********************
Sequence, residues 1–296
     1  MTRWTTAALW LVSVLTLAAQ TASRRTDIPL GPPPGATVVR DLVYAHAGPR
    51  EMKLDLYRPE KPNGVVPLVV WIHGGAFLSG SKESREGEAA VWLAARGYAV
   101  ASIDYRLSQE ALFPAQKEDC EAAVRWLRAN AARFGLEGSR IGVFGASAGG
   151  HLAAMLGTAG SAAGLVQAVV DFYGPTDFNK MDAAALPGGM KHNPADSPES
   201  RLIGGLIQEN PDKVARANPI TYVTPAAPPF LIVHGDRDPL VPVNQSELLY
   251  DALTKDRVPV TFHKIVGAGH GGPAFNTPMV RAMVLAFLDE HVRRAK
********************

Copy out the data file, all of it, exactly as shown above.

Sequence, residues 1–296
     1  MTRWTTAALW LVSVLTLAAQ TASRRTDIPL GPPPGATVVR DLVYAHAGPR
    51  EMKLDLYRPE KPNGVVPLVV WIHGGAFLSG SKESREGEAA VWLAARGYAV
   101  ASIDYRLSQE ALFPAQKEDC EAAVRWLRAN AARFGLEGSR IGVFGASAGG
   151  HLAAMLGTAG SAAGLVQAVV DFYGPTDFNK MDAAALPGGM KHNPADSPES
   201  RLIGGLIQEN PDKVARANPI TYVTPAAPPF LIVHGDRDPL VPVNQSELLY
   251  DALTKDRVPV TFHKIVGAGH GGPAFNTPMV RAMVLAFLDE HVRRAK